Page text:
Why is Stock Photography Important?
- December 7, 2016
It’s often the case with website design projects. Clients routinely email us photos that they “just love” and “cannot wait to see” on their new website. These images normally are perfect; color balanced, great light, ideal subjects, etc. They have the correct colors of the rest of the site design and are cropped just right. No doubt about it – they are amazing.
And, they’re often illegal.
Every photographer will tell you that getting a ‘great’ shot means getting thousands of mediocre or poor shots. It takes time and talent just to be in the right place to capture a good image, much less actually obtain the best. Photography is absolutely an art form and the photographer who captures a picture (any picture) has the right to claim ownership of that image. This isn’t hard to understand, really.
In the world of “point and click” internet, where every social media channel invites you to click and download their post, share their content, and grab their posts, it’s tremendously difficult to know when a photo has copyright. Even more, we can fall into the mistake of thinking that since something was used or shared in social media that the image has somehow become public domain. The problem is that many of the copyright holders know exactly when images are licensed and when they are not.
When it’s not ‘Just a Picture’
We had a phone call once from a small, non-profit. They received a scary letter from a leading company who was the copyright owner for millions of images. Apparently another designer had, somewhere along the way, used an unlicensed image that was owned by this company. In this letter was a cease and desist demand, as well as a suggested penalty of tens of thousands of dollars. Threats of a lawsuit and strong language filled the communication and, obviously, this little non-profit was terrified. The penalty alone would sink them. They would be off the map. Gone. And what’s worse is that they had done nothing wrong. It was, after all, ‘just a picture.”
Thankfully, our team was able to call the copyright owner and comply with the demand for an immediate cease and desist on the use of that photo. We were also successful in negotiating the penalty away (they didn’t want to be known for destroying a small non-profit!). But the point of the story was clear: It could have easily be avoided.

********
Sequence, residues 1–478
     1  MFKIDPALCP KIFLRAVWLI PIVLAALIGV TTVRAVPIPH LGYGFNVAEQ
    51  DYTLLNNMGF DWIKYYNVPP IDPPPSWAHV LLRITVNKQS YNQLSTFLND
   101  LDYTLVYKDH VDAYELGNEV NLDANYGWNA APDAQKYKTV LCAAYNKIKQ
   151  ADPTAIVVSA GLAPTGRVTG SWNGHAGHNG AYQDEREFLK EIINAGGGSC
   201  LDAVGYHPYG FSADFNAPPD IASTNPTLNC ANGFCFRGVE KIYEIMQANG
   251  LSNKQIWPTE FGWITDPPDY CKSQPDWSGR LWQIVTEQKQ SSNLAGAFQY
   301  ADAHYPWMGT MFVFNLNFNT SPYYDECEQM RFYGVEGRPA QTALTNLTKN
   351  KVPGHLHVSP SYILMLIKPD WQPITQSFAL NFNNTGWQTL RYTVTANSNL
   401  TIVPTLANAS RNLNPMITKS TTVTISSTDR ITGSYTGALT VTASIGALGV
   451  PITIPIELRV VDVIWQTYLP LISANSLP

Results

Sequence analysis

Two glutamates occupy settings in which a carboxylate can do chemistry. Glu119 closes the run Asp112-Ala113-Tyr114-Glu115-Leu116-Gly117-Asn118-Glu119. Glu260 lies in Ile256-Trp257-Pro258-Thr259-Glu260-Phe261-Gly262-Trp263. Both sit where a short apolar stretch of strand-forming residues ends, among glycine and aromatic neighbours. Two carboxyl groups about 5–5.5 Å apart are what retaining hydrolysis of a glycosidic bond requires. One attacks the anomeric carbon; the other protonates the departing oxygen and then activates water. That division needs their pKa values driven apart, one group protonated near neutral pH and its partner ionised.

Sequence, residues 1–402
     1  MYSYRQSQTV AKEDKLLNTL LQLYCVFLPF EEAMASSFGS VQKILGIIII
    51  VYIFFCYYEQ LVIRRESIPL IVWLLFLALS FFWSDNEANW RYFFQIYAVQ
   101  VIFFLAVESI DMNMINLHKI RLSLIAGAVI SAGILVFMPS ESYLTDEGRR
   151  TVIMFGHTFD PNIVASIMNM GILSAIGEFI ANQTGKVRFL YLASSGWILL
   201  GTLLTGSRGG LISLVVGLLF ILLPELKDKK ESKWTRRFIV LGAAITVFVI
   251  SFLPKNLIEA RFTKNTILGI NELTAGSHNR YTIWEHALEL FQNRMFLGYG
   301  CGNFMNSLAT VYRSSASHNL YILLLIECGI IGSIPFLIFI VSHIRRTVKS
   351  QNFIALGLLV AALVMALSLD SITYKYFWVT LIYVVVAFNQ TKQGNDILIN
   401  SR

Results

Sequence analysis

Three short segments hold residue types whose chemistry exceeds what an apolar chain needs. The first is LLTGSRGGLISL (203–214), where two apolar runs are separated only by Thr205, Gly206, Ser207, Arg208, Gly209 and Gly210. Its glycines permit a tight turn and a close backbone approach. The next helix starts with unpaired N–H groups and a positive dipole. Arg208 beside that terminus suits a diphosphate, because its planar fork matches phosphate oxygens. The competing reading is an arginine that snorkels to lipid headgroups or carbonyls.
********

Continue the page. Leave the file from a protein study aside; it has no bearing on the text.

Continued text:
Can you avoid penalties and demand letters?
First of all – take a quick look through your own website. Do you know where your photos come from? Do you know their source and do you have permission to use these images? If you are not completely certain of the license for that image, presume that you do not have a license. The burden of proof is on you, the website owner, to prove the license exists. If you suspect that you have an unlicensed image, we would recommend that you replace that image with a legitimately licensed source as soon as possible.
Second – if you have an unlicensed image, get rid of every copy of that image. This is hard. You might have copies on archives, backups and other legacy sources. Combing through those is not easy, of course. But make sure you do not restore or re-use an licensed image in the future. Get rid of copies that could come back to harm you later.
Third – use reliable, trusted sources for stock photos. Images sourced from “stock libraries” are great for designers and small business. These are usually royalty free and can be used by the license holder for specific purposes. Some licenses give you very broad usage rights and others are limited, so read the fine print. We know many clients like to have broad licenses that enable them to use photos for multiple media sources (print + web) if they’d want to. Bottom line – find a stock source that you like and use them.
Fourth – when you hire an agency to work with you for web or graphic design, be sure they are using licensed images too. It’s important that the company you hire knows how to correctly source and maintain licenses for these copyrighted art pieces. This is protection for your business. Whenever possible, make sure that your company is the named license holder for the artwork.
I’m in trouble. Can you help me?
Of course, we can try. Sometimes we’ve had great success when people receive scary legal threats. We find that complying with cease and desist orders quickly is a major help. But, let’s be real; we’re not attorneys!
We can work with you to correct situations to ensure you don’t end up in this position again. Contact us today and we’ll see how we can help you!
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